Even though the film is a bit infantile, it packs a lot of emotion. I guess spoilers here if you don’t want to know about a certain character’s fate, but I think everybody’s at least heard about or seen this. SPOILERS HERE The death of Littlefoot’s mother would be pretty devastating to a little kid, as they see themselves in Littlefoot and would not want to lose their mother either. It’s even more depressing to think about as Littlefoot has nobody to look after him as the land has been split in two, separating him from his grandparents. He has to travel to this unknown land alone, until he meets with his eventual companions. The scenes of him seeing apparitions of his mother are pretty sad as well, as he truly believes his mother’s alive to see him again, only to be disappointed that it’s only his own shadow or a cloud formation in the sky. SPOILER FREE I don’t think these scenes are too sad to show a two or a three year old, as there’s enough fun and optimistic moments throughout, but just know it does get a bit emotional in parts.

Visually, the film is quite the marvel. The vast landscapes ranging from the dying land of old with its stunning reds and oranges to the grandiose reveal of the lush oasis called the Great Valley, rich with deep greens and refreshing blues. The animation overall is pretty good too, as there were only a few weird bits of animation stills laced throughout. One thing I thought was really interesting though, was the way they presented size and scale. With one scene in particular, Littlefoot’s mother moves her head from the background to the foreground and it takes a few good seconds. Usually something as mundane as moving one’s head would take a quick second, but they take the time to show how long it would take to move this large creature from one location to another. The designs of the dinosaurs are pretty nice too, as I mentioned before the baby dinosaurs are cute, but the adults bare a more realistic look to them. The T-rex is especially intimidating with its devilish eyes, its razor-sharp teeth, and its towering presence.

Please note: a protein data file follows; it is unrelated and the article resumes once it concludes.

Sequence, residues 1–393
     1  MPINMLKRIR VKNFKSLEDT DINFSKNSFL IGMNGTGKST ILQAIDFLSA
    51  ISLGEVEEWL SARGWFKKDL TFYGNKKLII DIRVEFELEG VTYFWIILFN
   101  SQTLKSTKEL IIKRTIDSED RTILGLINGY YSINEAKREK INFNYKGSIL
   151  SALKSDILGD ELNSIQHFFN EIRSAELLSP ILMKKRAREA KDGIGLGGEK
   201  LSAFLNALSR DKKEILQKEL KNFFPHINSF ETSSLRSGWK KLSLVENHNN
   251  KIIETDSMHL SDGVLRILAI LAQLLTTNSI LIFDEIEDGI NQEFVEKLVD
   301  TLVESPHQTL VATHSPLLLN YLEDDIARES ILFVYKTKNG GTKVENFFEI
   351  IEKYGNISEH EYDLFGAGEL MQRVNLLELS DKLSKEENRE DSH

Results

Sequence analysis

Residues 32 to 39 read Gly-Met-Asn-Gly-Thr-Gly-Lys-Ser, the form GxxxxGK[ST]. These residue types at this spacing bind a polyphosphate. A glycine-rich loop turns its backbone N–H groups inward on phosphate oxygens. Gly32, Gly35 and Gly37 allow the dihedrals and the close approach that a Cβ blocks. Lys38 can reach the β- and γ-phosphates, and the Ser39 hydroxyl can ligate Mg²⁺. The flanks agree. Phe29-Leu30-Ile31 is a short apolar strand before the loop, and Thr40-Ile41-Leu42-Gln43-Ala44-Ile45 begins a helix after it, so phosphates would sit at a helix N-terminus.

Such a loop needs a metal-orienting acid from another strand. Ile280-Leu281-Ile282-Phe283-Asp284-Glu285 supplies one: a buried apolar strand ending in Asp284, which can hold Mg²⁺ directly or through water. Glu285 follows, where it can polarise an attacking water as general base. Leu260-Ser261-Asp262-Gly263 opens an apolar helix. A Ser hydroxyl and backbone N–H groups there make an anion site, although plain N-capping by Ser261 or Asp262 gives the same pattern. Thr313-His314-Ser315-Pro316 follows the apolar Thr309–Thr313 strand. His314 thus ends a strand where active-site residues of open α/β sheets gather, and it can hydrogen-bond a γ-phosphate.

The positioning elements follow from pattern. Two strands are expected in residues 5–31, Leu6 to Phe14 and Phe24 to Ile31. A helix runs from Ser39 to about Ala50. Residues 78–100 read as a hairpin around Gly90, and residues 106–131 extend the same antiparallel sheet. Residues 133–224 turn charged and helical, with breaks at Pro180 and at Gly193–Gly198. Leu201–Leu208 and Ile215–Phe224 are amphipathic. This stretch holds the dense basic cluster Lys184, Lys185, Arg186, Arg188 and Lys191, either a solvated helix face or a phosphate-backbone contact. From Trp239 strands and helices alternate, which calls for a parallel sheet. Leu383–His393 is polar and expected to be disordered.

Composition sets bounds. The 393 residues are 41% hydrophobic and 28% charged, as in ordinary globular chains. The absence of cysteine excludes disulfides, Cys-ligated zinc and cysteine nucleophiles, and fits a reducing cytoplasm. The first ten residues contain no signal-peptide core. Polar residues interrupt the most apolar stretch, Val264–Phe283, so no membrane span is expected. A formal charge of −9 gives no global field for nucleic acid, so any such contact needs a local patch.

The Land Before Time is an animated film that delivers a great deal emotionally and visually, and presents a great message to younger audiences. The film is a bit infantile though, as there isn’t much for an older audience-member to enjoy plot-wise, as it’s a bit standard in its story-telling. It also feels a bit “handholdish” with its narration, as we’re being told what it happening right in front of us. I thought it would’ve been better to let the audience just absorb the events of the scene visually, but I understand the film is geared for a much younger audience. While it may not have the gravitas or the cross-generational enjoyment of a Pixar or Disney Renaissance-era film, The Land Before Time is an enjoyable adventure film for younger audiences.

Rating: 7.5/10

Favorite Scene: “I’ll be with you, even if you can’t see me.”

Images courtesy of Gables Cinema, Disney Parks Blog, HardintheCity, and the Land Before Time Wiki